Updated: Jun 20, 2019
Last week Beauty First board member, Jennifer Anna Rich, and I attended the Ancient Faith Writing and Podcasting Conference just an hour outside of Pittsburgh. Flight schedules being what they are, we had extra time on both sides of our trip, and decided to dedicate this time to visiting sites of significance to us.
Our first stop was Holy Transfiguration Monastery in Ellwood City. This monastery was founded in 1968 by a Romanian royal. After fleeing Romania during World War II, Princess Ileanna settled in the United States. After her six children were grown, she became a monastic, taking the name Mother Alexandra at her tonsure. With help from Fr. Roman Braga and several sisters from Romania, she was able to establish a humble Orthodox Christian monastery. The current abbess is Mother Christophora.
The sisters graciously gave us a tour, told us their history, and about the iconography and relics of the monastery. We attended a peaceful early morning service and visited the cemetery. This is the monastery where the beloved writer and speaker, Fr. Thomas Hopko, retired and was buried.
During the conference, affectionately called AFCon, we connected with writers and podcasters, photographers, composers, musicians, and filmmakers, about telling stories well and the importance of making beautiful things. I reflected on the comment of another attendee, "it's okay to make something beautiful just for the sake of beauty," as we drove from the conference center.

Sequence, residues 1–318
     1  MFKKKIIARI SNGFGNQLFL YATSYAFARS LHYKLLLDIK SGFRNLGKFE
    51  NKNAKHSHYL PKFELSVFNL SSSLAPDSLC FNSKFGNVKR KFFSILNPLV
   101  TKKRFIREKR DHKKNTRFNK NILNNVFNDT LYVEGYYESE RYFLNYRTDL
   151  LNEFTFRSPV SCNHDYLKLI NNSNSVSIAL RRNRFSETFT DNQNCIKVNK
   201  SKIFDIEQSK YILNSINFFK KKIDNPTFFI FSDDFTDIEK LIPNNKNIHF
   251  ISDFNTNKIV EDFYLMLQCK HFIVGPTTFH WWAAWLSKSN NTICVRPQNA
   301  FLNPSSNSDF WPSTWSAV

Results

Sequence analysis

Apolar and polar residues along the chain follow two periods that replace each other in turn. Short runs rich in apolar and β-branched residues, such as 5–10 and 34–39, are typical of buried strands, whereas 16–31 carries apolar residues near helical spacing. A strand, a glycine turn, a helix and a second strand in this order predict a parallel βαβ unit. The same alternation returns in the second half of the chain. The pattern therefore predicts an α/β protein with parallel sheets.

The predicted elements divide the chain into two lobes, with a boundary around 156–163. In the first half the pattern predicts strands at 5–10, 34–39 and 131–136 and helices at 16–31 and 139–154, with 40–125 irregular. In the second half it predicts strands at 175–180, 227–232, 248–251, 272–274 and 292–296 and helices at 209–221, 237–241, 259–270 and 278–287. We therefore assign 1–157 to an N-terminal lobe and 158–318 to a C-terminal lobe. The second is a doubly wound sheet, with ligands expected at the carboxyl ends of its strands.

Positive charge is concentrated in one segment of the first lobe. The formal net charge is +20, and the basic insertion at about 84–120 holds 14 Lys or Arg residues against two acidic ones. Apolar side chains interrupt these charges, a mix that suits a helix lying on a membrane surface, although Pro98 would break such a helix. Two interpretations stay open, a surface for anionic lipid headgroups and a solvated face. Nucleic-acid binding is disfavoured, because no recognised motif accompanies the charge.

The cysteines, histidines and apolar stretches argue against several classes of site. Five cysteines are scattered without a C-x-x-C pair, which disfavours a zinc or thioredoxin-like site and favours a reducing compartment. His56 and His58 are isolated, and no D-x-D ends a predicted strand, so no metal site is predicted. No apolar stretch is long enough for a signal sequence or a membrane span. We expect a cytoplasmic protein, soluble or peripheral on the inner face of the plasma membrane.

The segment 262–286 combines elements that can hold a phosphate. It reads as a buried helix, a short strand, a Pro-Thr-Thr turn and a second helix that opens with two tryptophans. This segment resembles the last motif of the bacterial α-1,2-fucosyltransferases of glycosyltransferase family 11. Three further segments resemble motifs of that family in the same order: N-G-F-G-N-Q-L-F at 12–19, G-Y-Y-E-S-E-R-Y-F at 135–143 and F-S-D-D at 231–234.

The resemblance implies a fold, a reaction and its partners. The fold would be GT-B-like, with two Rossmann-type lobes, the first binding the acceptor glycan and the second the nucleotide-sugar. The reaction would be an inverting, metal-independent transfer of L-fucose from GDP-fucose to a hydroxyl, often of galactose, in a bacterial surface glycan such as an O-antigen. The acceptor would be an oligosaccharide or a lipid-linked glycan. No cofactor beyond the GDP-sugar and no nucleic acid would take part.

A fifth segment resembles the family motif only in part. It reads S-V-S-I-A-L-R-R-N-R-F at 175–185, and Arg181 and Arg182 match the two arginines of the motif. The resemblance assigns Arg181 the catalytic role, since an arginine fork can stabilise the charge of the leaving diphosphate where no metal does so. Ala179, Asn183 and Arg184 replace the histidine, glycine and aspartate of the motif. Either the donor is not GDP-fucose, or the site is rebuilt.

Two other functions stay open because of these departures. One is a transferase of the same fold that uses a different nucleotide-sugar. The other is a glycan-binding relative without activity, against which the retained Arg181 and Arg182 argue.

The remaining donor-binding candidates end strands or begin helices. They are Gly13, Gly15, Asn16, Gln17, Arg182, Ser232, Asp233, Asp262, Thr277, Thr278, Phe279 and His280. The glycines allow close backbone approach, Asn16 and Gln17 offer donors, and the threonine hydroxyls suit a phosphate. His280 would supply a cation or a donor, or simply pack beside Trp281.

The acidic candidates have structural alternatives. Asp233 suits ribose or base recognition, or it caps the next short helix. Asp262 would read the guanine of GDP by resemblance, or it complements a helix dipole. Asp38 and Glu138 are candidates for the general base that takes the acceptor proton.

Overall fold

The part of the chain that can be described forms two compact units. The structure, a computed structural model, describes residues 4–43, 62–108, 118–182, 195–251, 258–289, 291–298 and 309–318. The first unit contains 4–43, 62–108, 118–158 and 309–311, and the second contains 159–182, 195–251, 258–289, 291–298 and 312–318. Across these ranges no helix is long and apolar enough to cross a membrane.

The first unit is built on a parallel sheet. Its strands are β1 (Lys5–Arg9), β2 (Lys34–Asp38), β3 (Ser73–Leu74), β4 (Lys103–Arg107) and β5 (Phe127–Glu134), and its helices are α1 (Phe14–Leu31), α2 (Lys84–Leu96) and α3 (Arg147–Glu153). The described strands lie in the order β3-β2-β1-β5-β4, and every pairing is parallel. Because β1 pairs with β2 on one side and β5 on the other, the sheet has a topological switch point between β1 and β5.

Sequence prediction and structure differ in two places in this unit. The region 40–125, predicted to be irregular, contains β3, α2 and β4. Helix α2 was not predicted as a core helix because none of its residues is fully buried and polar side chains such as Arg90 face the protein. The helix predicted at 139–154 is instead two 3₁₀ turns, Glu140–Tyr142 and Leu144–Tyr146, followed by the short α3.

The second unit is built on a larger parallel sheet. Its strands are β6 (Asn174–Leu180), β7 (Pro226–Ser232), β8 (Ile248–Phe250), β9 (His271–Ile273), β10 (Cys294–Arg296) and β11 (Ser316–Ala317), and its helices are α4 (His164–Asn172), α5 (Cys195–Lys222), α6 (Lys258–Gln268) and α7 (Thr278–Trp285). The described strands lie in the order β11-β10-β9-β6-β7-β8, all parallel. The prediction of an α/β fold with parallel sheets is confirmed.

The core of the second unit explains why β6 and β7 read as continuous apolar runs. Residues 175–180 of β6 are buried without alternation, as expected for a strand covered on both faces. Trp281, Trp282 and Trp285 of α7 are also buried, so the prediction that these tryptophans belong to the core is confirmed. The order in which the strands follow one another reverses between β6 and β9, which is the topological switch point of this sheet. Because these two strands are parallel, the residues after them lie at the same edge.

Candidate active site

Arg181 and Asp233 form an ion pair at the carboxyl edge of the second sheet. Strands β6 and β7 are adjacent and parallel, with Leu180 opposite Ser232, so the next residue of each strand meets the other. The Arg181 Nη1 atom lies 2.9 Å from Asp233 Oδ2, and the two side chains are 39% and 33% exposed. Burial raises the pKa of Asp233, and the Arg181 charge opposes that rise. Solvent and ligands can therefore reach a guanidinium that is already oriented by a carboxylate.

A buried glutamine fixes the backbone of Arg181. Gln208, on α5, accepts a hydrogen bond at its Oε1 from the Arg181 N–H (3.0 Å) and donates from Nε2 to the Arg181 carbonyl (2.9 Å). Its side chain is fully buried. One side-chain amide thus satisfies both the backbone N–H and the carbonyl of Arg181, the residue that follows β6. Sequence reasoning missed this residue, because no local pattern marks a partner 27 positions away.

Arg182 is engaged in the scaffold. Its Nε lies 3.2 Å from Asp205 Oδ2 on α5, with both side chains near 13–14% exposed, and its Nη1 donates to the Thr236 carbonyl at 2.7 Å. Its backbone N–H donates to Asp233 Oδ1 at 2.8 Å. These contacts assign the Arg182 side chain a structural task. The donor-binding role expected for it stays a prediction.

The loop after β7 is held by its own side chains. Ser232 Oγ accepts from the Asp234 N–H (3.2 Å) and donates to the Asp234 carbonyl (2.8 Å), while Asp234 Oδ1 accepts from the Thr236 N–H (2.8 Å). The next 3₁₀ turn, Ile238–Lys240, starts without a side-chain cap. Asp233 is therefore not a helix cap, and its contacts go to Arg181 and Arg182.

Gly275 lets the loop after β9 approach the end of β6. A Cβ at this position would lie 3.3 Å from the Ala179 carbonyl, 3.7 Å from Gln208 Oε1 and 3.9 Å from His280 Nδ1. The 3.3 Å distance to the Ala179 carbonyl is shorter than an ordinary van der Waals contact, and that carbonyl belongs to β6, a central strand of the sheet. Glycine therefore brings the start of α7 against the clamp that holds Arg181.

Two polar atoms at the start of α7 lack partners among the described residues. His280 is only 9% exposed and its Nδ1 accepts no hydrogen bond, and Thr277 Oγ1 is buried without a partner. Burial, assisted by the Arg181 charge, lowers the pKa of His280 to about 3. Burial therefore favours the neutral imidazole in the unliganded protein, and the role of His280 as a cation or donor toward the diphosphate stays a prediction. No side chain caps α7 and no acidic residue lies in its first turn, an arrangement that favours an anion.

Next we stopped by the neighboring town of Latrobe, which is the hometown of both television host Fred Rogers and champion golfer Arnold Palmer. We found a sweet statue of Mister Rogers sitting on a bench in Memorial Park. Driving down Weldon Street, two neighbors were kind enough to point out which house was the Rogers family's: number 737 with red brick and green trim. Our final stop in Latrobe was the small museum at the Fred Rogers Center for Children and the Media on the campus of St. Vincent College. This small museum showcases letters, puppets, a famous trolley, and several sweaters hand knit by Mister Rogers' mother. Displays tell about his upbringing, his interest in music and TV, his faith and mission, and his impact on thousands on coworkers, friends, and television neighbors. One of the things I love about this exhibit is that it is housed in a building dedicated to educating and informing the next generation about the impact of media on children. The mission of the Fred Rogers Center is to help us learn to navigate that world as responsibly and lovingly as Mister Rogers did.
As we were leaving the Fred Rogers Center, I filled a glass from an iced tea dispenser in the lobby. As I took a sip I discovered that it was an "Arnold Palmer"--a mix of iced tea and lemonade named after the famous golfer from Latrobe. It was a happy and fitting surprise.
There must also be Love
Finally Jennifer and I went to see Frank Lloyd Wright's Fallingwater, before heading to the airport. We were grateful to see the incredible house, which is cantilevered over a waterfall. It was commissioned in the 1930s by a wealthy family as a weekend home where they could escape Pittsburgh pollution--think steel mills. The house is indeed an example of beauty for beauty's sake; it is not practical, economical, or in some ways, comfortable.
At Fallingwater I was surprised that every interaction, from the greeting at the front gate to the manner of various guides, seemed to be lacking the warmth of genuine hospitality. This came in stark contrast to everything we had experienced over the preceding days. During the tour, the guide revealed that the famous architect had an enormous ego, denied being influenced by any other artists, and went to outrageous lengths to prevent clients from ruining his perfect designs with any of their own taste. The ungracious spirit of the artist seemed noticeably pervasive in the house and the staff. I couldn't help but admire Frank Lloyd Wright's genius, but I was relieved when the tour ended.
I concluded that it's not just beauty for beauty's sake that we admire...there must also be love.